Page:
To understand your LH surge, a tracking device like Mira Fertility can help you understand your personal hormone patterns for a more precise ovulation window.
Follicle Stimulating Hormone (FSH)
Like LH, FSH is produced by the anterior pituitary gland and they work together to tell follicles in the ovaries to begin maturing. It’s important for your ovaries to release a mature egg when you ovulate because only mature eggs can be fertilized. FSH also affects your cervical mucus, one of the telltale signs you’re within your fertile window. If you’re low in FSH, you might experience:
- No change in your cervical mucus
- Hot flashes
- Sleep disturbance
- Mood swings
- Vaginal dryness
- A higher prevalence of urinary tract infections
Unhealthy levels in any of these hormones and your fertility will be at risk. So, it’s important to track the any physical changes you see throughout the month. Doctors usually tell their patients to “try” for at least a year (six months if you’re over 35) before you take any diagnostic tests. However, if you track your data using a device like Mira Fertility, then you’ll be able to help understand your hormone patterns (and see actual data) and realize that something might be wrong before your opportunity to conceive is up.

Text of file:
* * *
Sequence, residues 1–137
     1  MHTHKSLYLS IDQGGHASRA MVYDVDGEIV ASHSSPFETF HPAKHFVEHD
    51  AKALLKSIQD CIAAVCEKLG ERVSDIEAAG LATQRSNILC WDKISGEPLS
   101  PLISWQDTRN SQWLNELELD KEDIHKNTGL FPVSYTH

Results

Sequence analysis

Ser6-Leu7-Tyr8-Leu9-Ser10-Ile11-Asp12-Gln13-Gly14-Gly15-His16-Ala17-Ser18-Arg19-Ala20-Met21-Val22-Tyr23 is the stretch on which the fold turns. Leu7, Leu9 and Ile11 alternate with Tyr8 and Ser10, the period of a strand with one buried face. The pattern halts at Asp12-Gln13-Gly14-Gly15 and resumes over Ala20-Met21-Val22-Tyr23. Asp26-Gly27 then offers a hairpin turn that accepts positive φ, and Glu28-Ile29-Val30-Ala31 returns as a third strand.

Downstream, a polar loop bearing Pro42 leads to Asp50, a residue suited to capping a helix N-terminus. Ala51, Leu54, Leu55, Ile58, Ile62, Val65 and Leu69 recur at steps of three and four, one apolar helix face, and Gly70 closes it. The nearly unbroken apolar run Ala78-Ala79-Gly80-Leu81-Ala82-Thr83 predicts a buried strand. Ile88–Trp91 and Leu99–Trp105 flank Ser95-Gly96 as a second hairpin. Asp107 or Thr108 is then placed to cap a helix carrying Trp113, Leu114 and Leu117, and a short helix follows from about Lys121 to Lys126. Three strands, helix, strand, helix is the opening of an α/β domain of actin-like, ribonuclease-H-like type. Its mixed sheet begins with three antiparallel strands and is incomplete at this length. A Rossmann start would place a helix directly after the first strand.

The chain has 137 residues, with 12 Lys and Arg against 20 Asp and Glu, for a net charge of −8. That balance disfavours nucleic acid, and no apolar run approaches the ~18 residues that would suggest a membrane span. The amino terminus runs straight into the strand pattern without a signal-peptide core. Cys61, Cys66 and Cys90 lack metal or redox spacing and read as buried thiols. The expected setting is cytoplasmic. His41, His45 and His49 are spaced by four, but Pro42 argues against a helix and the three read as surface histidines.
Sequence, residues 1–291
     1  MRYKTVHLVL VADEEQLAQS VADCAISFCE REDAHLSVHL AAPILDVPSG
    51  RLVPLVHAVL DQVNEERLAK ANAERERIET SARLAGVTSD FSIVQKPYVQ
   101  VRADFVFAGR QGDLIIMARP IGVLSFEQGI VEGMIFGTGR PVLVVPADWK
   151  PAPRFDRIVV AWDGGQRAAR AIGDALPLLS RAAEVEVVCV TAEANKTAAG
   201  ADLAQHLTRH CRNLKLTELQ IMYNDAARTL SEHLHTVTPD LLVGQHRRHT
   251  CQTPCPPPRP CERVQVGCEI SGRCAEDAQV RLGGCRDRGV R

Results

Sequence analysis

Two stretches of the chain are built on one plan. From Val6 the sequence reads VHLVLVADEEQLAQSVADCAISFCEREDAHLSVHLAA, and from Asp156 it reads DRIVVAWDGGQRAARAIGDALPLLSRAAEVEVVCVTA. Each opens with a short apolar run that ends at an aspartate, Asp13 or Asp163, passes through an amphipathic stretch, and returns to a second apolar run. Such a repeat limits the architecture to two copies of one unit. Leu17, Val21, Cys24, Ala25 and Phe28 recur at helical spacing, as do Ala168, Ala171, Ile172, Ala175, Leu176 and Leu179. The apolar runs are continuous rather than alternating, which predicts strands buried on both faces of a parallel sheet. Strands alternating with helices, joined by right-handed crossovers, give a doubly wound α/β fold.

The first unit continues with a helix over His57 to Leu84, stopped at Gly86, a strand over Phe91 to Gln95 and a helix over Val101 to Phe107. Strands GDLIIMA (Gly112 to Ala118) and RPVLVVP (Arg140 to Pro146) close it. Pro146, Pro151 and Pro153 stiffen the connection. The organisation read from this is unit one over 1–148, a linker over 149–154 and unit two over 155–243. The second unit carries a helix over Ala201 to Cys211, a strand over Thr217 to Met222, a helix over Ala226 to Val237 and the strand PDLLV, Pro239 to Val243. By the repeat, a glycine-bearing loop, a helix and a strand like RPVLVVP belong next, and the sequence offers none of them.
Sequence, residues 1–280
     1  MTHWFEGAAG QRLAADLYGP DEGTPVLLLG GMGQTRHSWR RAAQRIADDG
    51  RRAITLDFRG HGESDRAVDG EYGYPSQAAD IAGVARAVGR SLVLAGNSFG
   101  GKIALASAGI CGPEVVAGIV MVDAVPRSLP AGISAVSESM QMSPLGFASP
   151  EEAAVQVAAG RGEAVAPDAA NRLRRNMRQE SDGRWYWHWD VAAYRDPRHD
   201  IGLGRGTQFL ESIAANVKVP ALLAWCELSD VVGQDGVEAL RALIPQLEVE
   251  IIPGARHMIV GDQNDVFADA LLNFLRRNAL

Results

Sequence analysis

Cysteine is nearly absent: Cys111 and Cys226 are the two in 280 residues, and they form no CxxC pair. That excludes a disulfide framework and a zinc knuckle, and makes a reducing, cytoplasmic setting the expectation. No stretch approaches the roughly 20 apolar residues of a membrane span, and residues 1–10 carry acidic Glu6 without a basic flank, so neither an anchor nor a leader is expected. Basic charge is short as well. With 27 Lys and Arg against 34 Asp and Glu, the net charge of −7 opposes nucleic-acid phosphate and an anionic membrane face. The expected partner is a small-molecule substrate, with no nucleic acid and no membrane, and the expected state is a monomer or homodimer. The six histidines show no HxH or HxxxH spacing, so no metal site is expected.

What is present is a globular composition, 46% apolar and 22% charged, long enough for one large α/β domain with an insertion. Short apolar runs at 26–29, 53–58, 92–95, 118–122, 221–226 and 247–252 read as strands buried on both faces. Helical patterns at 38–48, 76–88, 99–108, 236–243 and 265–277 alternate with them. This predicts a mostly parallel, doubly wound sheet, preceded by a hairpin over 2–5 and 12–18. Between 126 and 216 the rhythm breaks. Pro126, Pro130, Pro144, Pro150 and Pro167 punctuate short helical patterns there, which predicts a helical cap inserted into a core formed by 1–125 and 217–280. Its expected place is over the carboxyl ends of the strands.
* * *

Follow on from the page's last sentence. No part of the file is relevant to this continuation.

The contents of this blog were independently prepared, and are for informational purposes only. The opinions expressed herein are those of the author and are not necessarily indicative of the views of any other party. Individual results may vary.
The formula for getting pregnant seems clear: stop taking or remove your birth control, have sex at the right time, and you’ll have a kid. Unfortunately, this doesn’t take into account the many aspects of a “normal” lifestyle that could disrupt the process...
When you’re trying to get and stay pregnant, it can seem like everyone around you is either having a baby, just had a baby, or their family is “complete”. And then you get the vague diagnosis of unexplained infertility (UI). Despite the miraculous advances...
Trying to get pregnant, but find it hard to conceive? You’re not alone. In fact, according to the Centers for Disease Control and Prevention (CDC), about 10 percent of women (6.1 million) in the United States ages 15 to 44 have difficulty getting pregnant...
Doctors have lots of explanations for women’s infertility. Endometriosis, blocked or damaged fallopian tubes and premature ovarian aging (aka early menopause) are just a few, but what if your infertility doesn’t have a name? Twelve percent of the world’s...
Eager to get pregnant? The trying to conceive (TTC) journey can be frustrating with lots of emotion, hope, and disappointment. And, with so many tools and trackers on the market that you’ve tried, it can be upsetting or overwhelming that you’ve put so much effort and time into “trying” that it’s disheartening that you haven’t gotten pregnant yet. This can lead you to wonder if you should keep using an ovulation calculator or forgo the stress of tracking?